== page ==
Just for One Day

Toby was returning to the place he had never left. When he had been a hero, just that once, in front of everyone, the whole class, later reported on to the whole school. When he had been everything he’d thought he ought to be as a teacher and perhaps also as a man. When he had failed more profoundly than he had ever failed, too.

The young woman had been standing beside him at the rail ever since the ferry had left port. He was watching the Millennium Tower recede into the distance. It had been little more than a stump when he’d last come out here. And “stump” is what the locals had taken to calling it, given that it had been at least five years on from the millennium before it was completed. Even now, it was hard to say whether it had ever reached its potential.

Perhaps nothing ever did.

Or should.

Toby realised that he was being watched, but he felt safe enough. He hadn’t lived in these parts for years. He hadn’t seen anyone from the school since the day he’d left. When they had given him an engraved tankard and a framed photo of him on the island. Another reminder, of course, of his heroism.

She was going to talk to him, he knew. He braced himself against the railing and the spray. He tried to look as if he was studying the skyline against the grey of the gathering clouds. But she wasn’t having it. She knew that he’d clocked her.

“Mr Troughtman?”

Toby stiffened. It had been such a long time since he’d been addressed so formally. For the longest time, it was every day. And then it had to stop. He had to stop.

“It is, isn’t it? Sorry, but, you are, aren’t you? Mr Troughtman, from Steepletown School?”

And there was something else Toby hadn’t heard in over a decade.

Of course, she could be anyone from the school. A relative or one of the children from one of the other classes. Someone who’d seen him in the distance out there on the playground, on duty, with his tea and in his tie. When he had worn a tie. There had been 360 children in the school each of the years he had been there. 360 when he arrived and a new set of 90 every year. That was getting on for – what? – a thousand over the time he had been there? Maths had never been his strong point. Add in parents, and presume the children only had the conventional two each, and he’d reach – what? – 3000 odd people who might well recognise him. Add in the brothers, sisters, cousins, friends and all the rest and, yes, there were plenty who might know the former Mr Troughtman if they saw him again.

But how many would come up like this and ask him?

The modern Toby, of course, wouldn’t say. The modern Toby would keep staring until the interloper went away. Or he’d do something that made her go away. But there was something about the way she said his old name. There was something in hearing it as if nothing had ever happened. As if he had never revealed who he truly was.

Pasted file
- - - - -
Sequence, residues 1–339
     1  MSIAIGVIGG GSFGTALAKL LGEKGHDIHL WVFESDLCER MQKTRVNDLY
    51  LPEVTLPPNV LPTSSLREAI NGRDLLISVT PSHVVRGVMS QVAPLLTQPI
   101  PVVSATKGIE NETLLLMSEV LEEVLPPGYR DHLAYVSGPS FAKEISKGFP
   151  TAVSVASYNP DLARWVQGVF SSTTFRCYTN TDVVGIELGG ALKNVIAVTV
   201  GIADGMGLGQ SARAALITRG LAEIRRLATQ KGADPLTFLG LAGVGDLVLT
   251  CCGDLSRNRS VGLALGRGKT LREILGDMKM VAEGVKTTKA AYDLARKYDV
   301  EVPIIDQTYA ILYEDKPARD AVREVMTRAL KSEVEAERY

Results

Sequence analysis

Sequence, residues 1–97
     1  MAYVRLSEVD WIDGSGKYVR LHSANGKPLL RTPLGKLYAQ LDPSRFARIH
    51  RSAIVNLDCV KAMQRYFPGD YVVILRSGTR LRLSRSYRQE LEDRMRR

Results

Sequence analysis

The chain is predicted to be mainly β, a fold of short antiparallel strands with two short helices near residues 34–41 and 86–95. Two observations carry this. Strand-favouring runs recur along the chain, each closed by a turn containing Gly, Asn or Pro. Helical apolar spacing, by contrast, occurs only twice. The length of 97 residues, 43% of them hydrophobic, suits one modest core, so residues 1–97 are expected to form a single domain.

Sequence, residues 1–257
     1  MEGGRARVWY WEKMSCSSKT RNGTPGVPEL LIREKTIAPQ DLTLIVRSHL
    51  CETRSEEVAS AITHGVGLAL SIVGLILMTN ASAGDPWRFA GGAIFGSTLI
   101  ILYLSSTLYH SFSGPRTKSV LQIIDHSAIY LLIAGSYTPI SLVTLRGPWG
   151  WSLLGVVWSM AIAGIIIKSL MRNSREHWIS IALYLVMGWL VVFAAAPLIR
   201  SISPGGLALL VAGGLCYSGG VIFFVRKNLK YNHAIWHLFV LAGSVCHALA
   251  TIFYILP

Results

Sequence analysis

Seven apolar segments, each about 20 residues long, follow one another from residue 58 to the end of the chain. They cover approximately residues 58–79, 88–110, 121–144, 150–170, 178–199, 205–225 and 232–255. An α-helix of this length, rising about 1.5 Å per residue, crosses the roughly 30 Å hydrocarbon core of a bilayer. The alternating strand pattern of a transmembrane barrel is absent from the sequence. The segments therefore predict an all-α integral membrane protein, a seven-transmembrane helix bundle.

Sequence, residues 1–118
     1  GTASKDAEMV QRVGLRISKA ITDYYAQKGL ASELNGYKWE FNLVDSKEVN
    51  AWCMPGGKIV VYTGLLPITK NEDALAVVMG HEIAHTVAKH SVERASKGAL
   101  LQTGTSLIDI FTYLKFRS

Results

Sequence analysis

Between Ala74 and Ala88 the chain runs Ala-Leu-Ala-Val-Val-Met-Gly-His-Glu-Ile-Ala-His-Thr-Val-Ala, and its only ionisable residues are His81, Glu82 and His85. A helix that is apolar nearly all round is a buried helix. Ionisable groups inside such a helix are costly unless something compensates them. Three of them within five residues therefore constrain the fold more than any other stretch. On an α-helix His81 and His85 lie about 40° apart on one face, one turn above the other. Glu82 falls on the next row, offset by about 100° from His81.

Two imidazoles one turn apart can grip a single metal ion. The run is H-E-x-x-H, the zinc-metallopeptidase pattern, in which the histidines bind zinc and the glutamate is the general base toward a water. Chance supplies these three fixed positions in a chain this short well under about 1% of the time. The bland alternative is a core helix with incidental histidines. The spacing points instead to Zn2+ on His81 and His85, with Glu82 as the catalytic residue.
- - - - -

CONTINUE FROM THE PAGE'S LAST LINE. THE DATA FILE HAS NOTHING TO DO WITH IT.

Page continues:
The pause was too long, but it could be blamed on the sea and the wind. Not that Mr Troughtman would need the excuse. Mr Troughtman would turn with teacherly beneficence and he would recognise her – because teachers always did – and he’d use her name and he’d –

“Emily,” he said.

She smiled. Immediately. And that answered any number of questions.

The main question he already knew the answer to, though. She wasn’t a cousin or a parent or someone who’d have known him from a distance as he pretended to be in charge of 360 screaming children on the playground.

She was one of his own.

His first class. Her face and name came back to him instantly.

As for the other questions – she didn’t know. She couldn’t know. She wouldn’t be smiling.

They were sitting opposite each other in the near deserted café. Mr Troughtman had chosen tea. Toby might have found that amusing if she hadn’t asked him what had brought him over here.

“Strange, isn’t it?” she said, “that we’d both be here again, after all this time?”

“So you don’t live on the island?”

Once upon a time, she’d been all gingham and pigtails. The tallest in the class, he remembered. One of those girls who seemed to be at least three years older than the most mature boy. Now, the gap in their ages was somewhat less obvious. He hadn’t even gone grey. He ought to have done.

“Oh, no. I’m over here…well, funny this, I came back over here because I was in the area and I got to thinking about the residential way back when and, well, I thought it might be nice to see the place again. See the camp again.”

She didn’t ask him why he was here. Maybe, Toby thought, it was that thing that teachers had to deal with of children thinking that they lived in the school. Perhaps she thought he’d always be found lurking somewhere in these parts, as if his own free time was spent dragon boat racing or quad biking or up abseiling towers. Mr Troughtman had a think about this. He told Toby that it made a great deal of sense. And it answered some of the other questions, too.

She didn’t know that he was returning to the scene of the crime.

Or, at least, where the criminal thoughts had first begun.

Mr Troughtman accompanied Emily from the café out into the small town centre. Toby was surprised to find how well he could still fit within the garrulous persona. The pair of them talked about their lives since the school. No. Emily talked about her life since school. She’d married, had children, and then Things Had Gone Wrong. She didn’t ask her former teacher why he was on his own. That was another thing about teachers. They weren’t expected to be functioning human beings, either, with wives or partners or children. Which, in his case, had been fine.

Because he hadn’t been. Functioning.

He couldn’t be.

That Emily, too, was heading out to the camp was a surprise, and one that Toby only realised when they both made the same turning. It was open during the summer months to visitors – to all-comers, in fact. He’d found out that much online, so it was no surprise that she had, too.